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February 2008

Daffodil Picture Diary

Posted by Danielle Cowell on 22 February 2008

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29th Feb 2008. Today you can see that lots of my flowers have opened. They really brighten up this cloudy spring day in Cardiff.

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28th Feb 2008. My flower is now fully open. It is bright yellow and has six large petals. It is 37cms tall. If you look inside you can see the stigma and anthers.

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28th Feb 2008. If you look at the flower from the side you can see it is shaped a bit like a trumpet.

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Here is my Daffodil Picture Diary.

Each week I will be uploading new pictures of my Daffodil plants - as they grow! Compare them with your own.

Don't forget to take part in the Crocus Drawing Competiton to win prizes!

Professor Plant


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Spring dips its toe in

Posted by Gareth Bonello on 20 February 2008

[image: Coal Tit]

It is mid February and the wet and windy weather that persisted throughout January has given way to clearer skies. The days have been sunny and bright but quite cold at the same time, and the clear nights are leaving ponds and puddles iced over long into the morning.

Many of the early signs that spring is on the way have been on show for a few weeks now. Snowdrops have been up since late January and hazel catkins have been swinging in the breeze since the beginning of the month. Primrose and lesser celandines have also been growing about the site since mid February. The hawthorn bushes are growing fresh green leaves and the daffodils are flowering too. I’ve also seen quite a few bumblebees since the start of the month and I found a lone ladybird perching on a twig.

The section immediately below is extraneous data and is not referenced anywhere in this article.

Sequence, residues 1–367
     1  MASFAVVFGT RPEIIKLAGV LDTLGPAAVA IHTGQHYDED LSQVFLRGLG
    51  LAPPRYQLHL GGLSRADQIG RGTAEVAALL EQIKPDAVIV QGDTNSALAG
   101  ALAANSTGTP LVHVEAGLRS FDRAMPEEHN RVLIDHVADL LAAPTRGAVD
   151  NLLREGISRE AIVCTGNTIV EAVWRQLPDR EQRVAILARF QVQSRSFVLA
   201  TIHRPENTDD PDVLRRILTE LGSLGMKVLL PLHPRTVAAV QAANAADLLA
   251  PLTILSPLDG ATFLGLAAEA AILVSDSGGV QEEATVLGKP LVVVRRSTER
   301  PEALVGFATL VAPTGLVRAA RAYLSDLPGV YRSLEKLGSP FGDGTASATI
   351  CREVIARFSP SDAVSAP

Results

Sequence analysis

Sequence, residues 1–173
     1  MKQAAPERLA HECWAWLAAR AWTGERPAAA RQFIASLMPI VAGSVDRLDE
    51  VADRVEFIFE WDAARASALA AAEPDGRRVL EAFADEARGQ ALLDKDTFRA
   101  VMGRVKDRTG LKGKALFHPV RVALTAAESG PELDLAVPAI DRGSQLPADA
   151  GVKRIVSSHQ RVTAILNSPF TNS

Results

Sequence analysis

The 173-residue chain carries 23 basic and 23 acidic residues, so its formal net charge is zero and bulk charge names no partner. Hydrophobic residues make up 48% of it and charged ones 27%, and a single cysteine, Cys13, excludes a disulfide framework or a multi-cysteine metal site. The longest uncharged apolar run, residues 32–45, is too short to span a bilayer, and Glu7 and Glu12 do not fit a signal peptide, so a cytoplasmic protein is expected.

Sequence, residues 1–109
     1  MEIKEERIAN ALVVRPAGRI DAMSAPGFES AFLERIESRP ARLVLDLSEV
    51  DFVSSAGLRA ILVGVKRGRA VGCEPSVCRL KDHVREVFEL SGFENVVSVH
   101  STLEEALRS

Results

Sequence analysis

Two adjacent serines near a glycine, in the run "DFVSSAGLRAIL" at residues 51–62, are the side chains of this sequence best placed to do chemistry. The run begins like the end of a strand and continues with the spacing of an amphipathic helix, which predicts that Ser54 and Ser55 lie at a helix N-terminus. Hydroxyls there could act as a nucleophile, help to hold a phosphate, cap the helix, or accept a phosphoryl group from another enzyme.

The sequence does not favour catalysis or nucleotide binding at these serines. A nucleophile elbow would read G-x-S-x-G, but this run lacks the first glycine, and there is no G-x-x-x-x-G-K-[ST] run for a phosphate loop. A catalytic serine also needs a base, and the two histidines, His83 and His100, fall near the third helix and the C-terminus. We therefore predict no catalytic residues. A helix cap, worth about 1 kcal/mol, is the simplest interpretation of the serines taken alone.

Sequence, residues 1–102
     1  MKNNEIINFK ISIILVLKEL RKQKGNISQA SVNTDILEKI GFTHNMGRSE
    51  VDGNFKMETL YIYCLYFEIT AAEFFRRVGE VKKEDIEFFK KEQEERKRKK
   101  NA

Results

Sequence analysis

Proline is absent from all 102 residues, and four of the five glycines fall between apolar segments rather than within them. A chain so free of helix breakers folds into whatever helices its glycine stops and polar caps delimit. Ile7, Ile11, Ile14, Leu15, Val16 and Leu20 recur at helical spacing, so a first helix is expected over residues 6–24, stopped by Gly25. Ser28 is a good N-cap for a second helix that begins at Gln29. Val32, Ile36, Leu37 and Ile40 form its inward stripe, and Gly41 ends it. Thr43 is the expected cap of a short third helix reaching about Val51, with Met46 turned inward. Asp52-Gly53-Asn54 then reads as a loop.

Amphibians such as frogs and newts filling up small ponds are a good indicator that spring is truly here, because it means the water is warming up. I found a few newts in the tannery pits last week but it’s still a bit too cold for them with the water prone to freezing in the night. Keep your eyes peeled for frogs spawning around the beginning of March when it’s a bit warmer. Listen out too for chiffchaffs singing later in March. They are usually one of the first of our migrant bird species to arrive from Africa.

Last week was the school half term holidays and I ran workshops based on spotting the signs of spring. Over 1200 visitors took part in a leaf quiz, and went out spotting spring flowers and birds with my spring trails. You can download spring trails and record what you’ve seen on the Nature Detectives website. You can also visit the brand new Exploring Our Woodlands website which will be taking shape over the next few weeks.

  • National Museum Cardiff

    [image: National Museum Cardiff]

    Discover art, natural history and geology. With a busy programme of exhibitions and events, we have something to amaze everyone, whatever your interest – and admission is free!

  • St Fagans National History Museum

    [image: St Fagans]

    St Fagans is one of Europe's foremost open-air museums and Wales's most popular heritage attraction.

  • Big Pit National Coal Museum

    [image: Big Pit]

    Big Pit is a real coal mine and one of Britain's leading mining museums. With facilities to educate and entertain all ages, Big Pit is an exciting and informative day out.

  • National Wool Museum

    [image: National Wool Museum]

    Located in the historic former Cambrian Mills, the Museum is a special place with a spellbinding story to tell.

  • National Roman Legion Museum

    [image: National Roman Legion Museum]

    In AD 75, the Romans built a fortress at Caerleon that would guard the region for over 200 years. Today at the National Roman Legion Museum you can learn what made the Romans a formidable force and how life wouldn't be the same without them.

  • National Slate Museum

    [image: National Slate Museum]

    The National Slate Museum offers a day full of enjoyment and education in a dramatically beautiful landscape on the shores of Llyn Padarn.

  • National Waterfront Museum

    [image: National Waterfront Museum]

    The National Waterfront Museum at Swansea tells the story of industry and innovation in Wales, now and over the last 300 years.

  • Rhagor: Explore our collections

    Rhagor (Welsh for ‘more’) offers unprecedented access to the amazing stories that lie behind our collections.